CAMP GRAYLING, Mich. – A frigid winter wind fluttered past the snow-covered landscape as Sgt. Shane Vanderhoek, an indirect fire infantryman with Headquarters and Headquarters Company, 1st Battalion, 125th Infantry Regiment, Michigan Army National Guard, adjusted his team’s 81 mm mortar.
Hunched over the mortar’s sights, the sun lit up his breath steamy and bright each time he exhaled while painstakingly making the needed adjustments. Though seemingly minor in their movement, each change took longer to make than expected.
“Everything is just cold,” he said. “A lot of our equipment takes longer to start to work, or it just doesn't really like working.”
Learning to navigate those cold weather issues is one of the goals of exercise Northern Strike 24-1, a weeklong winter warfare training exercise hosted by the Michigan National Guard. Vanderhoek and his unit supported friendly elements while squaring off against both opposing forces and Arctic-like conditions.
“This just offers that extreme weather and the ability to test your ability to maneuver and to test your unit’s ability to function and plan in a totally different environment,” said Army Col. Todd Fitzpatrick, the officer in charge of the exercise’s ground elements. “With the temperatures we have, it closely replicates a near-Arctic environment.”
Held at Camp Grayling Maneuver Training Center and the Alpena Combat Training Center — which together comprise the Michigan Guard’s National All-Domain Warfighting Center — the exercise’s location and terrain make it and the National Guard key elements of the Department of Defense’s Arctic strategy, said Fitzpatrick.
“Obviously, Alaska is an ideal [cold weather] environment to train in,” he said, adding that getting units and their equipment to Alaska for training can be both difficult and expensive. “So, this offers a very similar climate, very similar complex terrain and just is cost-effective for units to do that near-Arctic training.”
Northern Strike 24-1 focused on integrated air and ground operations. Elements of the Army’s 5th Special Forces Group operated with close air support from Air Force and Michigan Air National Guard units while Michigan Army Guard units provided mortar and helicopter support.
The joint focus is another key element of the exercise, said Fitzpatrick.
“It's really integral to Northern Strike because this is such a valuable training area for the joint force — air, maritime, land component — and, more importantly, across all domains of warfare,” he said. “The jointness and the all-domain nature of the exercise are really what separates it from others.”
Northern Strike began in 2011, typically taking place each August and often including participants from all U.S. military services and components as well as international partners. It was expanded to include a winter portion in 2020 after feedback, specifically from special operations forces, indicated a need for cold weather training.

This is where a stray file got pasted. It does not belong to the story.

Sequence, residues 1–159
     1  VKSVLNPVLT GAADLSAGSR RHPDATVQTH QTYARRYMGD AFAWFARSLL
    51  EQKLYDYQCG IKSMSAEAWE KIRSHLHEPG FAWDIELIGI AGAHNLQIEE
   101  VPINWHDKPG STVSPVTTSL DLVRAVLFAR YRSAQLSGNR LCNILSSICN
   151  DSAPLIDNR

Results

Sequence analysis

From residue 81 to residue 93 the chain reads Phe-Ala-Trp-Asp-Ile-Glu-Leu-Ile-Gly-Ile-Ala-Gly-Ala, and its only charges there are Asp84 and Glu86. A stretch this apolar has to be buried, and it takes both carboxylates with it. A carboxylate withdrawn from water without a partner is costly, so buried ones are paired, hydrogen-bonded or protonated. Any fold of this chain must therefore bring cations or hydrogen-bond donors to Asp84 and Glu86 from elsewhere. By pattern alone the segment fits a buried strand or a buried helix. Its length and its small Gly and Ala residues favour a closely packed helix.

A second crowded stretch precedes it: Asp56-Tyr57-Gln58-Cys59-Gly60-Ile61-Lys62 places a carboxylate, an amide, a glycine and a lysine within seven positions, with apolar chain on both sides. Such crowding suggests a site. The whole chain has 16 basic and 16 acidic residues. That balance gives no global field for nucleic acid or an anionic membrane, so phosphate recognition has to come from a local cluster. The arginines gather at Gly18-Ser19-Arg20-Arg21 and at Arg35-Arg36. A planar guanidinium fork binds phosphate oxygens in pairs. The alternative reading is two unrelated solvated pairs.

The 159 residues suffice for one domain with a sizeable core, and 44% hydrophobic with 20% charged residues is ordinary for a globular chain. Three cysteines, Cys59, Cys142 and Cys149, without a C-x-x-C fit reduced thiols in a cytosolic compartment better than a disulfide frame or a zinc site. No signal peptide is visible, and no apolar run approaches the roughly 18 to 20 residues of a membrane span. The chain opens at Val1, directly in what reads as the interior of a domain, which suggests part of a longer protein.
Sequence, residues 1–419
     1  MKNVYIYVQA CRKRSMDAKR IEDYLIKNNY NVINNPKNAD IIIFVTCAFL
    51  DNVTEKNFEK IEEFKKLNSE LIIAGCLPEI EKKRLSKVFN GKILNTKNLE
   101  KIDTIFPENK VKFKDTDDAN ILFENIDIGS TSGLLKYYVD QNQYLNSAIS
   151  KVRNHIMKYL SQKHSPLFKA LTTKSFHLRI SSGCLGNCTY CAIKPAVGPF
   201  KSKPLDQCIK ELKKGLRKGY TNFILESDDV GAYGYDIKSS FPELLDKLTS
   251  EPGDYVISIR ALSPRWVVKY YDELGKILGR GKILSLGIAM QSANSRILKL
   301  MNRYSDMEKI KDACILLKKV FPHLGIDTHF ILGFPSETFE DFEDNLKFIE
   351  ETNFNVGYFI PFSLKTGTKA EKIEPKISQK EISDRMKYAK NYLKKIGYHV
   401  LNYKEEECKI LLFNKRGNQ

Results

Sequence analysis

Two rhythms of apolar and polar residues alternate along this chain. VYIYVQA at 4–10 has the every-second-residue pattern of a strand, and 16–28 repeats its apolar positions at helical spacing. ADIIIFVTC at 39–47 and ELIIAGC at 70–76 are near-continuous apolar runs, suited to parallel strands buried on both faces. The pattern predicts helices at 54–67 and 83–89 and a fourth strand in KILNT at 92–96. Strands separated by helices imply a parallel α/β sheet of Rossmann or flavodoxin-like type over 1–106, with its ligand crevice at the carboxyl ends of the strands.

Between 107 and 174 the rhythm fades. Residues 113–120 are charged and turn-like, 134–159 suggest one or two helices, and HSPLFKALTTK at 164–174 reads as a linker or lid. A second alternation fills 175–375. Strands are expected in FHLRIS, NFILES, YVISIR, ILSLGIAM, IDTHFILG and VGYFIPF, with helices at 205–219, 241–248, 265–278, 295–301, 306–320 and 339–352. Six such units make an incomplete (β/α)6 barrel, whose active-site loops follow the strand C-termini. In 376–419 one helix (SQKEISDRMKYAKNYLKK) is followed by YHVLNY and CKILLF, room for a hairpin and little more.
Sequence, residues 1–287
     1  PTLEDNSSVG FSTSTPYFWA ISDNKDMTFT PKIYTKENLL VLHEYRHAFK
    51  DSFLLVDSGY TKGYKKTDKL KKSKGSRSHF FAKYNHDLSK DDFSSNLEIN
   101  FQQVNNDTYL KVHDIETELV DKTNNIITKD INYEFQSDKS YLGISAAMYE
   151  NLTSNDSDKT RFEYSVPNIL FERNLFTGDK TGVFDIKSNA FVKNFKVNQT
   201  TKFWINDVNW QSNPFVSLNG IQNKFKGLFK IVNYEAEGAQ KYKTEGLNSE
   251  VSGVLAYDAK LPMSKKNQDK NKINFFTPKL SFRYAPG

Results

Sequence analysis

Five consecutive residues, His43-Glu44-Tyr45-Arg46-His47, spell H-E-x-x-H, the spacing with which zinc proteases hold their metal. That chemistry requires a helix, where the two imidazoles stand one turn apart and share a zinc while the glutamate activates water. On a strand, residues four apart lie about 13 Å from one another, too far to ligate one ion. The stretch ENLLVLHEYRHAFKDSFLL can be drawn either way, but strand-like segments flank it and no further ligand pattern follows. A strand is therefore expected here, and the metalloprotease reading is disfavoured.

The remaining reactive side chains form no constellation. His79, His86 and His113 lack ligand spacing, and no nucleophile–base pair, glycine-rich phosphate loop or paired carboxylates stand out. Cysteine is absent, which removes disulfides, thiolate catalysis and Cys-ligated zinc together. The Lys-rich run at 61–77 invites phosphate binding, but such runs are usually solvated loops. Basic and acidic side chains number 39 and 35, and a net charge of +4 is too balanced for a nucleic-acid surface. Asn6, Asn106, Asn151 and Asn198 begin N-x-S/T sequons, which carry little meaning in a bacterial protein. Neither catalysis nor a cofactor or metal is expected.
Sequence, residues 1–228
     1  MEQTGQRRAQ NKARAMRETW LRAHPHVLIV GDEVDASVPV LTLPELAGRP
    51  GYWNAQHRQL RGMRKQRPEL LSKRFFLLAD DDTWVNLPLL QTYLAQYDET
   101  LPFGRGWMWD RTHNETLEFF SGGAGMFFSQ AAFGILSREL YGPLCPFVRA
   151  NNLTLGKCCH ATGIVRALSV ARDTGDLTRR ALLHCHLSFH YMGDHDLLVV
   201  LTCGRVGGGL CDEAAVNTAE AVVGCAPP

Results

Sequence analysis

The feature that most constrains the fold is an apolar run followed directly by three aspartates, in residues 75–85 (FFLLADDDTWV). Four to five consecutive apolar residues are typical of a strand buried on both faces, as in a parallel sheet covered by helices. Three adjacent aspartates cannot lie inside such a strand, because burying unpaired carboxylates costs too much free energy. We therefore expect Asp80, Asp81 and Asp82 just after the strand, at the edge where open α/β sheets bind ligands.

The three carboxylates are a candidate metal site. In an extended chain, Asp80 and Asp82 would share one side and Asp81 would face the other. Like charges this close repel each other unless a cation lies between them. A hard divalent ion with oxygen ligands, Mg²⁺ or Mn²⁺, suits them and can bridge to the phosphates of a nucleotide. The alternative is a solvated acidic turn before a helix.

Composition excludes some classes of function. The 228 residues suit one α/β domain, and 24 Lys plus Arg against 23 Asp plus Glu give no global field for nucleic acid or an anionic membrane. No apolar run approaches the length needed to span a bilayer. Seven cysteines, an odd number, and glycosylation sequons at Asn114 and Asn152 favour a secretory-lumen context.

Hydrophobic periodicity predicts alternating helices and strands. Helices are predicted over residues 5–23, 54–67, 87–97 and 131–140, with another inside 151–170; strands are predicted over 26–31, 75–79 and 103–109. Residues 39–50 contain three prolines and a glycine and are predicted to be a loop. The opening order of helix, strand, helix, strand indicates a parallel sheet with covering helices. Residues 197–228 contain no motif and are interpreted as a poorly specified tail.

“It was actually a demand from rotational units,” said Fitzpatrick. “SOF-oriented units wanted a place to train the way we do in a near-Arctic or winter setting with a complex maneuver space like we have here.”
While the winter portion of the exercise is typically smaller — this year’s iteration included about 200 participants while the summer exercise often includes more than 7,000 — its challenges are no less complex.
For Fitzpatrick, those challenges include ensuring the exercise meets or exceeds the training needs of participating units.
“It's not a cookie-cutter exercise,” he said. “We like to say that every unit is the main event. So, it's challenging deconflicting all that training, integrating those joint, multinational, multicomponent partners.”
Planning starts about a year ahead of the exercise rotation.
“Because we have two exercises, we have two [planning] cycles running,” he said. “And, of course, we're looking into the future. We're already scheduling units for 2025 and beyond.”
For Vanderhoek and many other units on the ground, the challenges are often more immediate, such as ensuring the mortar’s baseplate is emplaced properly.
“We like to dig little holes if we're operating in a place just so the base plate can settle down easier,” he said. “Obviously, it takes longer when the ground's frozen to do that.”
The frozen ground also makes it more difficult to ensure the mortar’s bipod support legs are dug in. Simply placing them on the ground means the mortar may move.
“Then we're running the risk of the legs sliding out when we're firing, which will cause a round to go somewhere completely different [than intended].”
None of those were challenges faced by the unit during its recent deployment to the Middle East, but the winter iteration of Northern Strike prompted them to find solutions to those challenges.
Though it took longer than expected, Vanderhoek dialed in the needed adjustments to the mortar.
“Gun 1 is up,” he called out. Shortly after, another Soldier came out of the tent that served as the fire direction center.
“Fire mission!” he shouted, as Vanderhoek and his team scrambled into position to execute.